Parents say one child is enough

For older generations, the traditional nuclear family is all about married couples with at least two children living under the same roof.

For many young modern couples, however, two children are just too much.

A parent with his child in a shopping center in Ho Chi Minh City. Having just the one child is  a growing trend in Vietnam's big cities. ( Photo: Dang Quang)

"I'm done after one," says Nguyen Thu Huong, owner of a beauty salon in Hanoi and mother of a seven-year-old son when asked about her plans to have another child.

"Both of us (she and her husband) work full-time and we found the first years of parenthood quite hard. We sometimes worry our child won't have enough company, but we'd rather spend quality time focusing on one," she says.

Huong is not alone. A lot of young couples no longer put much store in the old saying ‘the more, the merrier'. Instead, parents of one child are likely to describe multiple-children families as ‘crowded', ‘overloaded', or ‘stressful'.

"You may not be aware of it, but having many children means you have to divide your love, time, attention and money among your beloved. I prefer focusing all my resources and parenting potential on just the one child," says Tran Minh Nam , who enjoys being the parent of a single daughter.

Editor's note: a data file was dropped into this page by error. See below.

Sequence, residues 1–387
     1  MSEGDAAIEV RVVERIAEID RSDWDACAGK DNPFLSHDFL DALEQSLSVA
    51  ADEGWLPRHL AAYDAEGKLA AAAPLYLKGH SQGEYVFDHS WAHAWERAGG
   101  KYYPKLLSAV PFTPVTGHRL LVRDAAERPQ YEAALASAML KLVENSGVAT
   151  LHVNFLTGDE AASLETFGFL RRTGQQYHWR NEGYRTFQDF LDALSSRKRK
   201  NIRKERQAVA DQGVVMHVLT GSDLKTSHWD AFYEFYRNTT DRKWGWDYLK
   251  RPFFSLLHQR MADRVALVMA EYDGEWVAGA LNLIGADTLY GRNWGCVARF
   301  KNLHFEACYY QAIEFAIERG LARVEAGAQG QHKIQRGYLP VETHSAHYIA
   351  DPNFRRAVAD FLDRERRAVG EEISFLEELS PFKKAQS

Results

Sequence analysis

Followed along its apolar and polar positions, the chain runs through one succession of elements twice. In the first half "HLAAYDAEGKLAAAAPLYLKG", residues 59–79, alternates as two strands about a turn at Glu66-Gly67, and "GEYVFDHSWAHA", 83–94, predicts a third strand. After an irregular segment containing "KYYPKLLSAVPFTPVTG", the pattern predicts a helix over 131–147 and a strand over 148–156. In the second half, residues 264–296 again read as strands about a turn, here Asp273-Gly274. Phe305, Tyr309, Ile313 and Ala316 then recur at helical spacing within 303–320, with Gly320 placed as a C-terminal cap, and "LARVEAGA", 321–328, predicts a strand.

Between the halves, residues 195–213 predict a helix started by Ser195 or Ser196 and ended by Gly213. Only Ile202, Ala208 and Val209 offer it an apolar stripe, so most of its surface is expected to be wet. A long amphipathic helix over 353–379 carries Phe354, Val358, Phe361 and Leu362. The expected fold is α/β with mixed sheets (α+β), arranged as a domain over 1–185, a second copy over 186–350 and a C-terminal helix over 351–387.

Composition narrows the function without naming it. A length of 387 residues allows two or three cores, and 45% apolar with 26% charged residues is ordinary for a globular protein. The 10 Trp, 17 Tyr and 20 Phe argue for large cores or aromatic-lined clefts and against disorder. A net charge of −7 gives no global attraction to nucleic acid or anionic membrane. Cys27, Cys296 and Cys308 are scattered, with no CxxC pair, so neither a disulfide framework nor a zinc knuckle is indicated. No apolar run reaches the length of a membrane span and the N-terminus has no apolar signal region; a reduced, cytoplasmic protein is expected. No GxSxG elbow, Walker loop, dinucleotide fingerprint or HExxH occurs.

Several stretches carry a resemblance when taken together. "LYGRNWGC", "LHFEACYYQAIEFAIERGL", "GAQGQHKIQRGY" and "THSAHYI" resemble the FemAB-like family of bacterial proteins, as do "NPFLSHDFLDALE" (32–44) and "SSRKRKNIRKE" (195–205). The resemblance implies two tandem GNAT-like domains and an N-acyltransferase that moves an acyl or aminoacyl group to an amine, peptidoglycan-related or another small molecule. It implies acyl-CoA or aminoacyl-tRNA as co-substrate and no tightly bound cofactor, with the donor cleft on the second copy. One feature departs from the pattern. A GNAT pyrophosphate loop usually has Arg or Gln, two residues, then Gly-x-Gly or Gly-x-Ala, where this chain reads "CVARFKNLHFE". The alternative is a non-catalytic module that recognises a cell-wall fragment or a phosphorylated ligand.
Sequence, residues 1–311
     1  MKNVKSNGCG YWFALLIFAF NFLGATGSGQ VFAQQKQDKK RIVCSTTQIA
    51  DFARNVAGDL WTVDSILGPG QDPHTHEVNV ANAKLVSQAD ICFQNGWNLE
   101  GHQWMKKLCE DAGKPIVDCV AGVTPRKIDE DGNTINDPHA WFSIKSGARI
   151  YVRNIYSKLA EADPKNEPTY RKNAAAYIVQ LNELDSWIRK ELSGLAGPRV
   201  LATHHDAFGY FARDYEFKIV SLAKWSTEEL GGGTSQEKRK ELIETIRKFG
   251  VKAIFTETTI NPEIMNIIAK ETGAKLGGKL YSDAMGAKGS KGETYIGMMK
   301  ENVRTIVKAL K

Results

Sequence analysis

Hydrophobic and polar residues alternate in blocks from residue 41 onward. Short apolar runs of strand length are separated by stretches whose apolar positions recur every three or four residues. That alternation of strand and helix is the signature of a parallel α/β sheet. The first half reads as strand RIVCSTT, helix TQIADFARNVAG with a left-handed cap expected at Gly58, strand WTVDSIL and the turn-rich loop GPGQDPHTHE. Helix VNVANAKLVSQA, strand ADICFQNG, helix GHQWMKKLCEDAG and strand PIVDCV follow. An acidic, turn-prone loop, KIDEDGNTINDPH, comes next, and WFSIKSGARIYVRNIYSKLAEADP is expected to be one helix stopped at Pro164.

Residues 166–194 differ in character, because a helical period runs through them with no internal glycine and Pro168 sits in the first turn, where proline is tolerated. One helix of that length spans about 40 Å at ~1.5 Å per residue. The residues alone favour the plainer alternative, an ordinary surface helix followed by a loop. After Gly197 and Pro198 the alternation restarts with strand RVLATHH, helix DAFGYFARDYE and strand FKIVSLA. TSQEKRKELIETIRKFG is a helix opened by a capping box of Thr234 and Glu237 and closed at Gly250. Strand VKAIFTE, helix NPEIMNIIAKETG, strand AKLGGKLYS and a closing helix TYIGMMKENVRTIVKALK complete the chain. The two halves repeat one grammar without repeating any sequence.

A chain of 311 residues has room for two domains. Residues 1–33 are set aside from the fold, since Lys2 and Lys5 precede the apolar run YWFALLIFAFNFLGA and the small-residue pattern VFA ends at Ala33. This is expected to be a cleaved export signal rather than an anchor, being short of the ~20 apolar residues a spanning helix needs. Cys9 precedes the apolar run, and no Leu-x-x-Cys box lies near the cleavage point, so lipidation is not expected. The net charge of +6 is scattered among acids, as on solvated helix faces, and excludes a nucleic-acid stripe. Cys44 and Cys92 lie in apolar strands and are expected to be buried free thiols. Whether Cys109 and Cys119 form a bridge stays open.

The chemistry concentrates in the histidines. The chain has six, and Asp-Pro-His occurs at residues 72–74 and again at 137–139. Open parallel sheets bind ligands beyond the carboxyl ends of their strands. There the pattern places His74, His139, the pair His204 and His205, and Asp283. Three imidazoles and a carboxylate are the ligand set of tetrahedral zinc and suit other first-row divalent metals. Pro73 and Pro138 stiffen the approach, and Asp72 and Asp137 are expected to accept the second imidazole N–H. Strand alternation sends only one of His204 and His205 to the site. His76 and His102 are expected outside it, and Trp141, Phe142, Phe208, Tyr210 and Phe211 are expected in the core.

For Nam , the best way to raise his ten-year-old child is to give her the best he can. This includes sending her to an international standard school in the city, letting her go to summer camps in the UK every year and creating a fund for her to study abroad.

"I could hardly make ends meet if I had a second child. You may think that an only child always means a lonely child, but taking away privileges from this child is not an idea for me," he says.

Director of the Ministry of Health's General Office for Population Family Planning Duong Quoc Trong has said having just the one child is a growing trend in Vietnam 's big cities.

Figures from the 2009 Census of Population and Housing showed that the fertility rate, or the total number of births per women aged 15-49 years, averaged 1.8 in big cities and was as low as 1.45 in HCM City.

Meanwhile, the figure in rural areas remained relatively high at 2.15.

UNFPA Assistant Representative Tran Thi Van tells the online newspaper vnexpress.net that the double income one kid trend which had played out in many developed nations was now making headway in Vietnam.

Financial burdens and pressures, the result of modern life in big cities, are given as the cause for the move towards having just one child.

"Obviously, bringing up a child the best way possible makes young couples exhausted and hesitant to have more kids," she says.

Trong says his office has spent the last 50 years aiming for a rapid reduction in the nation's fertility rate. However, changes over new lifestyles and family sizes would require a more flexible policy in the future.

"Management of population growth rate is a little like control over monetary policies. You have to tighten and loosen as necessary. Several provinces need to lower their fertility rates, some are just fine, and in big cities it might be necessary to encourage people to give birth in the next five or ten years," he says.

Source: VietnamPlus

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